Retailers who want customers to come back need to do more than deliver on expectations. They need to be memorable.
Here are 28 ways any retailer can stand out.
1. Make customers feel good
Customers forget about their buying experience within seconds of leaving a store if they didn't feel incredible. Say hello. Make eye contact. Show personal interest and empathy. When there is a positive emotional connection, that starts to lay a foundation.
2. Be enthusiastic
Believe in what you're selling and what you say, and the enthusiasm will come naturally. And remember to smile! It will disarm even the angriest customer and keep the environment inviting for anyone else in the store.
3. Be genuine
People can tell when you’re being insincere, so don’t be - it will destroy their trust.
4. Add value
Master your craft, and customers will respect you. Set time aside each week to read articles and look for suggestions that could be of use to your customers. Be prepared to always have something to offer, then ask questions or make observations that an online bot assistant or call centre would not.
5. Build a network
Your customers are already asking their friends for advice, either via a group chat or posting to Facebook, LinkedIn or Twitter. Think of each customer that interacts with your store as people who each have family, friends, a personal interest. They may also be working or own a business. Learning a bit about them during each interaction is going to build a relationship. Who knows? Maybe they can help you out too (hint: it's very likely).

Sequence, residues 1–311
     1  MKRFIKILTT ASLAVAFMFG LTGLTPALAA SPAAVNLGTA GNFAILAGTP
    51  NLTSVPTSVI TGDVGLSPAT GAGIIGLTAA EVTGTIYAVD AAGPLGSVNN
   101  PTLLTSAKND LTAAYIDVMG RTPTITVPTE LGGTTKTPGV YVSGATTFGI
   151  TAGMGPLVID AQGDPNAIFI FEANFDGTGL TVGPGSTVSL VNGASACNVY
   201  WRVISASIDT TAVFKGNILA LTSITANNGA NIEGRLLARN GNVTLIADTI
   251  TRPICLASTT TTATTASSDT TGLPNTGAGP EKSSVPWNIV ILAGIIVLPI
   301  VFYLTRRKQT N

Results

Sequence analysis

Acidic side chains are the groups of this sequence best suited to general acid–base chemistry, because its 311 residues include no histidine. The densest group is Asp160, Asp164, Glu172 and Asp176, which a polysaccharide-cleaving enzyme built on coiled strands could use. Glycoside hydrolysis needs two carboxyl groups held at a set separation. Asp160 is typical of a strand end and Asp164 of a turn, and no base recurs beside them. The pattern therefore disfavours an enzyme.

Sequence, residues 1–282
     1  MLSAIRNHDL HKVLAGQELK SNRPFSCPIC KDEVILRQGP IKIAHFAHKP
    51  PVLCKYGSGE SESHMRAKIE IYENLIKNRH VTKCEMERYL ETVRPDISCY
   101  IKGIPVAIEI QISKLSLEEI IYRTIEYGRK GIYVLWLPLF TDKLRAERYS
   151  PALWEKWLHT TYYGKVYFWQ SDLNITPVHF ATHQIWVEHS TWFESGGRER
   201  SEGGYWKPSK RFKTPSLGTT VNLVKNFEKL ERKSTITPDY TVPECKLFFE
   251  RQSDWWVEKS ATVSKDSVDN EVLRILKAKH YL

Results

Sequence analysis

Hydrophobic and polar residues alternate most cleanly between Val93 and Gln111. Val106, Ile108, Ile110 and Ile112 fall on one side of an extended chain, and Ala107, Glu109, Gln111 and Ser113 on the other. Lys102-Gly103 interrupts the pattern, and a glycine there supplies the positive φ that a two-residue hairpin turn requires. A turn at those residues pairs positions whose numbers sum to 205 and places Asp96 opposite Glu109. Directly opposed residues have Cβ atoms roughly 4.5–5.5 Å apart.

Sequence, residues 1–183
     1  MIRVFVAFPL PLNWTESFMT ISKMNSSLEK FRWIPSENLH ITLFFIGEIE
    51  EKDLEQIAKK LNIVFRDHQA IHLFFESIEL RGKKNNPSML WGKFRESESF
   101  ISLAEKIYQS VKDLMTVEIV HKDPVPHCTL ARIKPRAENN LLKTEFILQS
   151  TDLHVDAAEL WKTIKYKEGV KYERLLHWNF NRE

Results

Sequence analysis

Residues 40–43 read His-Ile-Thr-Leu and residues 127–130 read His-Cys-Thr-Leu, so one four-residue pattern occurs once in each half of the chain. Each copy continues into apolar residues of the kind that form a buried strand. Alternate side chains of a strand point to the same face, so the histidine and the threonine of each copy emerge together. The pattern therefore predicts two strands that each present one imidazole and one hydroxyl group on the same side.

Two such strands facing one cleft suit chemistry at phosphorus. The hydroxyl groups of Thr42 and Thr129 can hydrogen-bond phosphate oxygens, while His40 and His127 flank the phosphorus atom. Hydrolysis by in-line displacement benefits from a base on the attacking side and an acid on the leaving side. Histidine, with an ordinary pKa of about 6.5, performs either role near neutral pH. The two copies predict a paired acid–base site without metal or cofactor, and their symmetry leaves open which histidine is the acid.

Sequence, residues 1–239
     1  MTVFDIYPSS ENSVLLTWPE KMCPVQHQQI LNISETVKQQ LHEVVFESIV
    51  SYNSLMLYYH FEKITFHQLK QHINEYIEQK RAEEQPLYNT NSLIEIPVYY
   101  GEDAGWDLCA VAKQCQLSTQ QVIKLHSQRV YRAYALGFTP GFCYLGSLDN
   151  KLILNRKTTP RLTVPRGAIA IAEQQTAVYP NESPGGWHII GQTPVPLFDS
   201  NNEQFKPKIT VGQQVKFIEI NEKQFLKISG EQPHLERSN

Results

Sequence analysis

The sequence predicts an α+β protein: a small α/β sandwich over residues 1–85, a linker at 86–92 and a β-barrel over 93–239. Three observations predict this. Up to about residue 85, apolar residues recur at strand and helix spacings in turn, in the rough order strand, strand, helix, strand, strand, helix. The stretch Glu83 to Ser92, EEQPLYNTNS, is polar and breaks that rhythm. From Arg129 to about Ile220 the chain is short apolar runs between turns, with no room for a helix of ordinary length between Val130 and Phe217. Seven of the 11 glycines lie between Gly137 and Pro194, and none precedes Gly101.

6. Be proactive
Don't sit and wait for people to come to you. Look for opportunities to delight and surprise, even when it's not expected.
7. Check in after the sale
This may seem silly, but retailers should check in with their customers after a sale to check how things are going. Yes, you can send an automated message, but having a 2 minute chat over the phone or via text message can go along way to remind them who you are and that you're there for them.
8. Remember that a purchase is NOT the end
It's actually the beginning of the relationship. The book "The Disloyal Customer" is a great read, showing that customers by default WANT to keep a business relationship alive. You just have to work for it and the burden is on the business to stay in touch.
9. Reconnect after a few months
If you sell high value products (like a cell phone), it's worth your time to reconnect with a customer a couple times a year. Likely they may have faced some sort of life event or they may be interested in something new. If they have a social account or you read something about them in the news, say congrats.